Dana Johannsen is the NZ Herald's chief sports reporter

America's Cup: Hungry like a lone wolf

The Team New Zealand base in Bermuda is set apart from the other syndicates. Photo / Hamish Hooper
The Team New Zealand base in Bermuda is set apart from the other syndicates. Photo / Hamish Hooper

The Royal Naval Dockyard, perched on the western tip of Bermuda, is home to "pit row" for the America's Cup teams.

The gleaming headquarters of Oracle Team USA take pride of place at the northern end of the South Basin, just down from where the super yachts will be parked up for this year's event.

Next to Oracle are Softbank Team Japan - Dean Barker's new syndicate, who have been working closely with the Cup defenders in this cycle. Further down are British team Ben Ainslie Racing, and at the end of the row sits French team Groupama.

Across the water on the nine acres of reclaimed land at Cross Island, Emirates Team New Zealand sit out on their own - albeit closer to the heart of the action in the event village.

The lay-out of the America's Cup village could be seen as a metaphor for the Kiwi team's standing in the event.

In many more ways, Team New Zealand are a team apart in this America's Cup.

They have found themselves on the other side of the divide from their fellow competitors on most of the key issues facing the event from the boat design, regatta format and scheduling, and late protocol changes that allowed for organised practice racing to take place in the lead-up to this month's event.

The split came in April 2015, when event bosses made sweeping changes to the design rules - reducing the size of the catamaran from 62ft to a shade under 50ft - and event format in the name of cutting costs. The "amendments" were voted through by four of the six teams.

The changes came at a huge cost for Team NZ. They lost key ally Luna Rossa, with the Italian team withdrawing in protest over the "surreptitious use of procedures to modify the protocol in order to overturn the class rule".

More significantly, Team NZ also lost the hosting rights for the America's Cup qualifiers, with the other syndicates voting to shift the entire regatta to Bermuda, where the 35th Cup match was taking place.

The loss of the qualifiers ended any chance of Team NZ securing Government funding for this Cup campaign, leading the Kiwi syndicate to challenge the ruling with the Arbitration Panel.

While the bitter and top secret dispute plays out behind closed doors, Team NZ have refused to play happy families with the rest of the syndicates, creating an unprecedented dynamic for this America's Cup.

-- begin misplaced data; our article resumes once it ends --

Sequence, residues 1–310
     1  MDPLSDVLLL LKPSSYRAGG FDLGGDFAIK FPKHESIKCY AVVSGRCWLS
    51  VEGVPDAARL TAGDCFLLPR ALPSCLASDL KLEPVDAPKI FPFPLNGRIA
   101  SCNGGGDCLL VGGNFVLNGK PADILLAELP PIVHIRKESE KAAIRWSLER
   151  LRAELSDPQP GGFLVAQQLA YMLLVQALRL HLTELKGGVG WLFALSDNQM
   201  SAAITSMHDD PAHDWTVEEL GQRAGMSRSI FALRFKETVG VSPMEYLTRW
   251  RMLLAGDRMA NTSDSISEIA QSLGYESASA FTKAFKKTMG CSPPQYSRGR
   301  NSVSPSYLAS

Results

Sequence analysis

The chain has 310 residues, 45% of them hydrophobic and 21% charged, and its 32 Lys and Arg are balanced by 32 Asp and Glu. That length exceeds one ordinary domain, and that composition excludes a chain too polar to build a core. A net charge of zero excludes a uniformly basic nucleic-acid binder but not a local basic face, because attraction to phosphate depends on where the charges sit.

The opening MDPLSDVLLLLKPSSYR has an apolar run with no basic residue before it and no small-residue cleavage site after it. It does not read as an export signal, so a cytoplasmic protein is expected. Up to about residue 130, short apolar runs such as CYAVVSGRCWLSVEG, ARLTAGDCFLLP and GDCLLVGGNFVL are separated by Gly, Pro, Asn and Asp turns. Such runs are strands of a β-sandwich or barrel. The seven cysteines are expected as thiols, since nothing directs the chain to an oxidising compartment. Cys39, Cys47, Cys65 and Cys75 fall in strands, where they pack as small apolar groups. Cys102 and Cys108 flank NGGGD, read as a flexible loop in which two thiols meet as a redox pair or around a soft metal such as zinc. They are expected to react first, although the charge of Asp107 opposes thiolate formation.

In January, in a major break with tradition, Oracle and challengers Artemis, BAR, Team Japan and Groupama announced a framework agreement for the next two America's Cup cycles. Team NZ refused to sign the agreement, which many rules advisers believe would not stand up to legal appeal anyway.

That means this year's event in Bermuda will not only be a duel between sailing teams but an ideological battle over the Cup's future.

Until now, their isolationist approach simply meant Team NZ didn't have any support at the bargaining table during competitors' meetings. But as the event draws near, there are concerns, though not necessarily founded, it may have far more serious repercussions for the team.

Team NZ boss Grant Dalton suggested to the New York Times earlier this year he worries one of their rivals may go to extreme lengths to sink the Kiwi campaign.

"The danger of being a lone wolf, of course, is that there's a lot of people, not just Oracle, that don't want us to win this time," Dalton said. "One would hope we don't get sent to the bottom of the ocean by a boat - 'Oh, that was a mistake; sorry about that' - one day with no form of redress in the rules. And that's a very big concern for us. There are five teams that want us dead now, not one."

The sailors themselves seem largely insulated from the drama.

Team NZ helmsman Peter Burling reckons he hasn't noticed any hostility from rival crews.

His skipper, Glenn Ashby, says there is a camaraderie that naturally exists between sailors, no matter what team colours you're wearing.

"Before getting here, I think you could definitely say that [we were the lone wolves] as we were effectively out on our own.

"We were the only team not here in Bermuda, so we did sort of adopt that stance whether we liked it or not," said Ashby

"Now that we are at the venue, it feels like we have blended into the countryside, so to speak.

"We see the other teams out on the water each day and they are no different to us - we are all part of something pretty special."

- Herald on Sunday

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